Plastomes were assembled from cleaned reads using NOVOPlasty v. 2.7.2 (Dierckxsens, Mardulyn & Smits, 2017). When multiple contigs were obtained (rather than a single circularized assembly), we mapped them contigs against one of several Acer plastomes from GenBank (see accessions in Table S1) using Geneious v. 11.0.4 and merged the ones that overlapped. Because in several instances the assemblies resulted in short non-overlapping contigs, we mapped our reads against the contigs to extend their ends until the gap was closed. Mapping was performed with medium-low sensitivity for 100 iterations.
The annotation of the assemblies was performed with GeSeq (Tillich et al., 2017). We selected ARAGORN as third party tRNA annotator and the plastome sequence of Acer miyabei Maxim. subsp. miaotaiense (P.C. Tsoong) A.E. Murray (NC_030343) as the reference genome. The annotated sequences were aligned and verified with published Acer plastomes using MAFFT v. 7.450 (Katoh & Standley, 2013) in Geneious and submitted to GenBank (Table S1).
The boundaries between the four plastome regions were inspected with the online tool IRscope (Amiryousefi, Hyvonen & Poczai, 2018), which allows visualizing the position of genes in the vicinity of these sites across species. We compared sequences and identified regions of variability with mVISTA (Frazer et al., 2004) using the annotated plastome of Acer acuminatum Wall. ex D. Don as a reference. Additionally, we performed a sliding window analysis as implemented in DnaSP v. 6.12.03 (Rozas et al., 2017) to locate genomic regions with high levels of variation. The alignment of the 16 Acer plastomes obtained with MAFFT (with default settings) was used as input file. The window length and step size were set to 600 bp and 100 bp, respectively. Using window’s position, we identified regions with 60 or more variable (polymorphic) sites (S). These regions were extracted from the alignment and analyzed individually to estimate their number of variable sites and parsimony-informative sites.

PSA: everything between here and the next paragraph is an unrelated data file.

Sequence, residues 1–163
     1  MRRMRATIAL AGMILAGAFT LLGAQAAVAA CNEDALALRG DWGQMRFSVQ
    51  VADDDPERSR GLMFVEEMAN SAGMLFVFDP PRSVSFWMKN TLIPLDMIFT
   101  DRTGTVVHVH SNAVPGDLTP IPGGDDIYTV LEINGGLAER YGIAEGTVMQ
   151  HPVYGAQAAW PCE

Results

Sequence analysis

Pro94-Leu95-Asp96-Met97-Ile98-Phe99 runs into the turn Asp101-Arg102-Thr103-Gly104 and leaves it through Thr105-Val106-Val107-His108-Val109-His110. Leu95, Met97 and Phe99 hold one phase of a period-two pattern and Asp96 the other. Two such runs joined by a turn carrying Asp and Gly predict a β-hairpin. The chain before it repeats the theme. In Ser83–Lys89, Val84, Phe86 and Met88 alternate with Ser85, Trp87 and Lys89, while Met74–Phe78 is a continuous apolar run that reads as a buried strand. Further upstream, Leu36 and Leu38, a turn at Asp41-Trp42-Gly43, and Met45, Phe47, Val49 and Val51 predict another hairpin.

A codon usage analysis for protein-coding genes was also performed in DnaSP. We extracted the CDSs using Geneious and calculated the codon frequency and the relative synonymous codon usage (RSCU) values as a measure of codon usage bias (Sharp, Tuohy & Mosurski, 1986).
REPuter (Kurtz et al., 2001) was used to detect various types of repeated sequences (forward, reverse, complement, and palindromic) with a minimum size of 25 bp and sequence identity greater than 90%. Simple sequence repeats (SSRs) were identified with MISA-web (Beier et al., 2017). We used the default values of 10, 6, 5, 5, 5, and 5 to set the minimum number of repetitions for mono, di-, tri-, tetra-, penta-, and hexanucleotide repeats, respectively.
Phylogenomic reconstruction was performed on a dataset consisting of 22 Acer plastomes (six retrieved from GenBank), and four outgroup species (Table S1). We aligned the annotated sequences using MAFFT with default parameters and then removed one inverted repeat. Maximum likelihood and Bayesian analyses were performed on this data set using two partitioning strategies to explore the effect of partitioning on tree topology. In the first one, the alignment was fully partitioned into coding and non-coding regions with protein-coding genes further divided by codon position. We used Geneious to extract the protein-coding sequences to define the codon positions in the data blocks and then concatenated these with the non-protein-coding regions. In the second strategy, the whole plastome was treated as a single partition (i.e., unpartitioned).